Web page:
The differences that men and women bring to the table should be embraced and promoted by organizations, not judged or condemned. (Shutterstock)
The COVID-19 pandemic brought the longstanding economic inequalities between women and men into sharp focus. From the onset of the pandemic, up until the summer of 2022, economic gender gaps continued to widen.
Lockdowns and economic uncertainties created a perfect storm, leading to job losses and reduced opportunities for women in the workforce. The increased burden of caregiving responsibilities placed an additional strain on women, often forcing them to make difficult choices between their careers and family obligations.
The situation peaked in 2020 when women’s workforce participation plummeted to levels not seen since the 1980s. This decline marked a concerning setback in the progress women had collectively made in the workplace over the past few decades.
Now, looking back at how these gender inequalities have evolved since 2022, the overall picture is a bit more complex. The most recent data from Statistics Canada shows that, while gender inequalities remain fairly large between women and men, there are also some exceptions.
Inequality in the labour force
Economists refer to people who look for paid work as being “in the labour force.” In terms of men and women who were looking for paid work in 2023, gender inequalities have not changed since the previous year.
Like in 2022, men are still more likely than women to be in the labour force in 2023. By November 2023, 71 per cent of men were looking for paid work, compared to only 61 per cent of women.
What accounts for this gender gap? Women’s absence in the labour force is often referred to as a personal choice for taking care of children. Many couples, faced with high childcare costs, decide that one parent should stay home. Given that men’s take-home pay exceeds women’s, this parent usually ends up being the mother in heterosexual relationships.
However, what is sidestepped in framing this as a choice are the broader societal conditions that contribute to this choice. Women’s absence from the labour force is often not a choice, but the result of factors outside their control.
A good example is the high cost of childcare, which the federal government is trying to address with its $10-a-day childcare plan. While some cities have seen childcare fees drop as a result, others are still falling short of the federal government’s target.
Another contributing factor is the undervaluation of professions that tend to consist primarily of women, like nursing and care work, even though they provide services crucial for society, as anyone who has been to the emergency department knows.
Gender and unemployment
When it comes to unemployment, the gender gap has dramatically changed: fewer women were unemployed in 2023 than men. In November 2023, five per cent of women in the labour force were unemployed, compared to six per cent of men.
This is a reversal from 2022, when more women were unemployed than men. While a gender gap in unemployment still exists, it now favours women slightly.
Shifting focus to employed individuals and the gender gaps in both part-time and full-time employment, the data shows that men in the labour force are more likely to have full-time jobs than women. In November 2023, 82 per cent of men in the labour force worked full time, compared to slightly less than 72 per cent of women.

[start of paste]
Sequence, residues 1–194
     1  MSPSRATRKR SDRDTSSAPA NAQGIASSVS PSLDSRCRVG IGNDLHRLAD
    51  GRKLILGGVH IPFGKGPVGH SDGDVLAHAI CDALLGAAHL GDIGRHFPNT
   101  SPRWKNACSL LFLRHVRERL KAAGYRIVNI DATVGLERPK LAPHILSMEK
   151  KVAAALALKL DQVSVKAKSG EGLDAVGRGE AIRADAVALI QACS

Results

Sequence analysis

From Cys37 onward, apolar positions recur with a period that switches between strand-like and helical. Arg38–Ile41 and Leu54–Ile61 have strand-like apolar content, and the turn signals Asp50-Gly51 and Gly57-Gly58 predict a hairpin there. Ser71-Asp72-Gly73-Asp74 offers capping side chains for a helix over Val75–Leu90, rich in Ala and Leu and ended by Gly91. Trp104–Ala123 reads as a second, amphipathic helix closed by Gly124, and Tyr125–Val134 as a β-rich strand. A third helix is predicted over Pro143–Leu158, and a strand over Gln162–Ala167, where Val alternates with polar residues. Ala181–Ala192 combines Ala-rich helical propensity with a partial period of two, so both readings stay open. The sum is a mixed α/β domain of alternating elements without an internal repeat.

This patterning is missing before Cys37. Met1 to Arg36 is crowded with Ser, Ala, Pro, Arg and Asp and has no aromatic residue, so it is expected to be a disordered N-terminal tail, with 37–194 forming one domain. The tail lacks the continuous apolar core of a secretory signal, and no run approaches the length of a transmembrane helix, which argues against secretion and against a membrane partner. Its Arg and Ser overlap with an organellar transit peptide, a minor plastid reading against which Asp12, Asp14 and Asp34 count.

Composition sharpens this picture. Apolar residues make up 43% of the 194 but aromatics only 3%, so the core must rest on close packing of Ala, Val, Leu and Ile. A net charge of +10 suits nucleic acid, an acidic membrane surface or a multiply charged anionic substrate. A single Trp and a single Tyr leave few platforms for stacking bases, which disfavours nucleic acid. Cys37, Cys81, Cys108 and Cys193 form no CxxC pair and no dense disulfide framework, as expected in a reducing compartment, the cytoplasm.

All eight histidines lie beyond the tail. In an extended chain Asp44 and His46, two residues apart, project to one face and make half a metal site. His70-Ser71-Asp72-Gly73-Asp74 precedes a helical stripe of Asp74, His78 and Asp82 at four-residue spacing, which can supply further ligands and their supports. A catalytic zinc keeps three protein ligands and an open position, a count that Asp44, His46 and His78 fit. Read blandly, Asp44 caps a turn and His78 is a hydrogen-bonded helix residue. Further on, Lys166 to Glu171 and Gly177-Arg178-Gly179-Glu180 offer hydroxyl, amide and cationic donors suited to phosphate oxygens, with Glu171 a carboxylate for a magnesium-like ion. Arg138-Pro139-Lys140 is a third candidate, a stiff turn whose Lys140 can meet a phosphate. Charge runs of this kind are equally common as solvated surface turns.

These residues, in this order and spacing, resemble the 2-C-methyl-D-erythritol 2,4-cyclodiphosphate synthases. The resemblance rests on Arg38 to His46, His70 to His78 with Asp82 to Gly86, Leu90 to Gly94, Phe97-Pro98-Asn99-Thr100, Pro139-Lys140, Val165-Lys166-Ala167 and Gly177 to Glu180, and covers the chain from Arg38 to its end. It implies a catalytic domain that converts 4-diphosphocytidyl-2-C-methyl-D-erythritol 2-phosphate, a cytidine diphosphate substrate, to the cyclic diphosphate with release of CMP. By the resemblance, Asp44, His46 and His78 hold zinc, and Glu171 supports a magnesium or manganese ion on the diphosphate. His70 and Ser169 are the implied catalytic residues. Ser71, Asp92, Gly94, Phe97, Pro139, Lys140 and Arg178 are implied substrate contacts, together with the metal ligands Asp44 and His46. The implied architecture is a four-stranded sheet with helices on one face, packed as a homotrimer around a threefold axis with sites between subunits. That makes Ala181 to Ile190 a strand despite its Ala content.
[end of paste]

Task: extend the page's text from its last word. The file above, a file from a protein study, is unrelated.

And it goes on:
Men, like women, worked less full-time in 2023 than in 2022; however, the decrease in full-time work has been most pronounced for men. In August 2022, 84 per cent of men in the labour force held full-time jobs, compared to slightly more than 72 per cent of women. The gender gap in full-time work continues to favour men, although it is narrowing.
The opposite is true for part-time work — women continue to work part-time more than men, with 23 per cent of women working part-time, compared to 13 per cent of men. This is an increase from 2022, when 21 per cent of women and 10 per cent of men worked part-time.
Overall, the gender gap in part-time work continues to favour women: women are still more likely to work part-time than men.
Burden of childcare
Statistics Canada’s data on why people work part-time sheds light on the gender gap in part-time work. In November 2023, slightly less than 27 per cent of women aged 25 to 54 worked part-time because they cared for children, compared to only 4.5 per cent of men.
This gender gap has widened since August 2022, when nearly seven per cent of men worked part-time because of caregiving, compared to a bit more than 27 per cent of women.
The slight drop in women working part-time due to caregiving could be explained by the Canada-wide Early Learning and Child Care Plan, which made childcare more affordable.
Traditionally, social norms hold women, not men, as the primary caregivers. These norms could explain why fathers, more than mothers, stop working part-time because of caregiving when affordable childcare becomes available. However, research is necessary to provide a definitive answer.
Policy interventions, workplace reforms and community support are pivotal in creating an environment that empowers women to participate in the workforce and men to participate in carework at home.
Initiatives that address the root causes of gender disparities, such as affordable childcare, can contribute to levelling the playing field. Moreover, workplaces can help level the playing field by enabling and encouraging fathers to take paternity leaves. By understanding the factors at play and actively working towards solutions, we can work towards addressing and rectifying gender inequalities.
This article is republished from The Conversation under a Creative Commons license. Read the original article.